There’s two things that Fischer has to do this season for the team to be successful. Required expectations, if you will. He has to be a better defensive rebounder. In terms of rates, Fischer essentially got to as many defensive rebounds as Jajuan Johnson did last year. That’s a good number for Johnson, but it would be a bad number for Fischer this season. Last year, Ellenson was vacuuming up tons of defensive boards, so it wasn’t the worst thing that Fischer’s numbers were a little on the low end for a starting center. Between Ellenson’s departure and the fact that Marquette was a crummy rebounding team last year anyway, Fischer has to absorb a majority of what his former post partner was doing just to keep the Golden Eagles afloat.
The other thing is he has to stay on the floor. There’s no two ways about it, he has to stay out of foul trouble. I believe Matt Heldt can be a contributor on this team, and I’m not worried about him as Fischer’s backup. I am, however, worried about needing Heldt to contribute 12 minutes a game on average because that’s all Fischer’s going to be able to achieve.
Why You Should Get Excited
I talked about what I think is probably an insane but possible idea on the Rumble In The Garden podcast last week and promised to elaborate on it here, so here we go.
I think there’s a version of this Marquette team where Luke Fischer leads the team in assists and it’s actually a good thing, maybe even a very good thing.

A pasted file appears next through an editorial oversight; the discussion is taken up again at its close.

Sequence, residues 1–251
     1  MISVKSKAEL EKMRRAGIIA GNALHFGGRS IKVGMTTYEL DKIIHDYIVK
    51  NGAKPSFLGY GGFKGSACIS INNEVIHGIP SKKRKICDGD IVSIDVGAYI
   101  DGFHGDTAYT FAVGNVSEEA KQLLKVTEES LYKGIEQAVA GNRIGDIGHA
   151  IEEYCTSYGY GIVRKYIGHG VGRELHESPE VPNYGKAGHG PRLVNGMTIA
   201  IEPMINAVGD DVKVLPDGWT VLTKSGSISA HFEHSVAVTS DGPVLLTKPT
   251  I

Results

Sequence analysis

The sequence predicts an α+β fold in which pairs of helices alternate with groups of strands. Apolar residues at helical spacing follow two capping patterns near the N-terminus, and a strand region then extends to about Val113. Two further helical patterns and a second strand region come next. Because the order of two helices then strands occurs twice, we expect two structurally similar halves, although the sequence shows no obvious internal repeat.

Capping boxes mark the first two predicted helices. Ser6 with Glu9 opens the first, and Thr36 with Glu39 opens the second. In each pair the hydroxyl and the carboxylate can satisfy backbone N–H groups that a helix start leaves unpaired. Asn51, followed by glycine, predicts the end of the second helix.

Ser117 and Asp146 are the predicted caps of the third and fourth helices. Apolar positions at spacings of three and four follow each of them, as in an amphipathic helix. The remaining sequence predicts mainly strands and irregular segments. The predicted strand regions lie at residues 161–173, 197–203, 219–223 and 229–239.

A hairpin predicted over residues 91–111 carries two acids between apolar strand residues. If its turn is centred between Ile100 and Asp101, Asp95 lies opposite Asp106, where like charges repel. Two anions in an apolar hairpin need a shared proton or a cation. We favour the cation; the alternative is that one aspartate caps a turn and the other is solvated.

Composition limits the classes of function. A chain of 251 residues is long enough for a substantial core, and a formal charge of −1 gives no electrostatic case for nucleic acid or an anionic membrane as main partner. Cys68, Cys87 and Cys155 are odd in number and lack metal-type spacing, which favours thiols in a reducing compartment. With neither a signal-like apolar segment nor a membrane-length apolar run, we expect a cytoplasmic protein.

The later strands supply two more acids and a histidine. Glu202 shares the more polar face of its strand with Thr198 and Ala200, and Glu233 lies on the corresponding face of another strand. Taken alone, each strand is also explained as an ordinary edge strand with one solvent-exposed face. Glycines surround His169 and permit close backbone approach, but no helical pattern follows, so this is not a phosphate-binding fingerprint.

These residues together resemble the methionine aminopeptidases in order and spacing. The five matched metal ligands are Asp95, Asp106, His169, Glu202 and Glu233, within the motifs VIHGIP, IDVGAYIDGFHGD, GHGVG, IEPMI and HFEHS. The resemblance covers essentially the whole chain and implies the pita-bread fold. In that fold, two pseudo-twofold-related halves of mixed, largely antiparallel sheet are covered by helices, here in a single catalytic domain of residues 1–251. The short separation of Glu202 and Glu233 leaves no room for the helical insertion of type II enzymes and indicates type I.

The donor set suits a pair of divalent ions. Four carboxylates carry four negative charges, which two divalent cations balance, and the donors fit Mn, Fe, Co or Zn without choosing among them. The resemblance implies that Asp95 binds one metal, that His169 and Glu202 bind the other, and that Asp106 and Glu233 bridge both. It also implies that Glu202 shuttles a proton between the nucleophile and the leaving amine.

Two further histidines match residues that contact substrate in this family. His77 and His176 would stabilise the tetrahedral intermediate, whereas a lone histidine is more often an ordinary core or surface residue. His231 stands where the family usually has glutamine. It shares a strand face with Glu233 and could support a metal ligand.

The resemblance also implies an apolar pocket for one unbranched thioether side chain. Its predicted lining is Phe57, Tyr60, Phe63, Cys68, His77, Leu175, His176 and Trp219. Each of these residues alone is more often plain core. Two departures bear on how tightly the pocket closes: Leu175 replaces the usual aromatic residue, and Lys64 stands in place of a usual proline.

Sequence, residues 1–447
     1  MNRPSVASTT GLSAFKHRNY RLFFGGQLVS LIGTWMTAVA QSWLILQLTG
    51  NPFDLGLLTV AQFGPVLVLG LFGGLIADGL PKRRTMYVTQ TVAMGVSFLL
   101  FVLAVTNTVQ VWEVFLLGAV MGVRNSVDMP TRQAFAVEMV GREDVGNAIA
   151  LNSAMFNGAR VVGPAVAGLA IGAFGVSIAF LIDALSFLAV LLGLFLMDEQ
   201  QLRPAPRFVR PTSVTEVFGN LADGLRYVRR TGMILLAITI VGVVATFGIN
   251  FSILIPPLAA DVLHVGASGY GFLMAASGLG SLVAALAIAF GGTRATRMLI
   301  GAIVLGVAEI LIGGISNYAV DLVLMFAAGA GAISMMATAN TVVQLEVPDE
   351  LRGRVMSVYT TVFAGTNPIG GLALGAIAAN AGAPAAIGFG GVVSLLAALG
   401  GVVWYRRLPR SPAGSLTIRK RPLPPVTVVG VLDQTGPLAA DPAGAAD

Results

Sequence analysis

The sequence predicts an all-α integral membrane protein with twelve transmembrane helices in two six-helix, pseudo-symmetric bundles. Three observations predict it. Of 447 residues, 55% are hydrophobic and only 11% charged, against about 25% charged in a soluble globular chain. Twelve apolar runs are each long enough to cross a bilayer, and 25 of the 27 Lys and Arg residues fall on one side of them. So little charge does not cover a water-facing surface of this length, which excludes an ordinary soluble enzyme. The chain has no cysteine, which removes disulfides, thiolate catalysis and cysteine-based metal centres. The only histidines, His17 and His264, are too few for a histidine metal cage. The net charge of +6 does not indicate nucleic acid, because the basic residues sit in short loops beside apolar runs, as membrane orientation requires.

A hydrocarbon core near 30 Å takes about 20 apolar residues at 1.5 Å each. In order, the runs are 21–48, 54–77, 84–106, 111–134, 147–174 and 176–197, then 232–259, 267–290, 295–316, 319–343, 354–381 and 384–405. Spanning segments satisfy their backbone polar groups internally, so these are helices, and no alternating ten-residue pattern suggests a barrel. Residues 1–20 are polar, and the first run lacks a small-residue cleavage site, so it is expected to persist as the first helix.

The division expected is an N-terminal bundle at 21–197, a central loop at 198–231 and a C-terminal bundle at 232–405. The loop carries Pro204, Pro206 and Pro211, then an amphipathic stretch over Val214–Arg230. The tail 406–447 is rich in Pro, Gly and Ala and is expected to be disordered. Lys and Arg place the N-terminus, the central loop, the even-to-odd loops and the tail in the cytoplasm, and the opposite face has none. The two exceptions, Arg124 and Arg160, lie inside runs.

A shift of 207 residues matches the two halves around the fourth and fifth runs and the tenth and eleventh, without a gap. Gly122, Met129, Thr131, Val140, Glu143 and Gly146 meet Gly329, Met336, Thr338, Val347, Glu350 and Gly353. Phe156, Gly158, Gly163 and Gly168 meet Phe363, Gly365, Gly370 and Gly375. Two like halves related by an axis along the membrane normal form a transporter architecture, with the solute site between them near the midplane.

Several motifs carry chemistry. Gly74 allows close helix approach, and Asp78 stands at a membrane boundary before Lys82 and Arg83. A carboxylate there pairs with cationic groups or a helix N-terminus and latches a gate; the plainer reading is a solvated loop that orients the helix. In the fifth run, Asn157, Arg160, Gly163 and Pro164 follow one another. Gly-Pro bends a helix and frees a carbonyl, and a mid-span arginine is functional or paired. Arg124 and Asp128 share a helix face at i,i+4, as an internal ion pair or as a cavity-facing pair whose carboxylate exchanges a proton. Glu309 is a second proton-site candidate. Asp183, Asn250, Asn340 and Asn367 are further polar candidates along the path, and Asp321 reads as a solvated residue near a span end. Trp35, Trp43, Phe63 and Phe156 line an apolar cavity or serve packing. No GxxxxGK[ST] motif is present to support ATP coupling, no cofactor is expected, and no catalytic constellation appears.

One of the things that I noticed from Fischer last year is his passing ability. Now, it didn’t manifest itself in terms of statistics. He wasn’t quite at one assist per game (32 helpers in 33 games), and no one is going to confuse his 7.0% assist rate with Kris Dunn or Maurice Watson Jr.
What I really noticed from him was his ability to catch an entry pass, sometimes in the air, and then immediately flick it in one motion either back to the passer or in another direction, depending on who was open. Given Marquette’s specific roster construction this season, Fischer’s ability to do this quickly and without hesitation might weaponize the offense.
Think about it: regardless of the identities of the four men on the floor with him, Fischer’s going to be playing with four guys that you’d be comfortable shooting a triple, right? If teams double team Fischer - and as a talented low post scorer, they’ll probably do it a decent amount - that leaves someone on the perimeter open. If Fischer can read the double teams and pass out of them quickly enough for guys to get shots off, more often than not, Fischer’s going to record an assist on that shot.
Even if that doesn’t happen to the degree where Fischer leads the team in assists, the long range benefit is hard to overestimate. Marquette making a bunch of open three-pointers as a result of Fischer’s passing is going to lead to teams having to pick their spots when it comes to double teaming him. Fischer is a talented enough scorer in the low post that if you let him work one-on-one with a guy, he’s going to obliterate his defender more often than not. Pick your poison, opponents. Fischer scoring at will or a torrential downpour of made threes.
We’ve kind of brushed up on it already. What happens when Matt Heldt has to play 15 minutes a game not because Wojo’s giving Fischer a blow because of MU’s tempo, but because Fischer can’t keep his fouls under control as the main central defender? What happens when he can’t find a way to rack up defensive rebounds at an improved rate? How will Marquette function without their most offensively effective big man? Can a barrage of three pointers be enough to propel this team?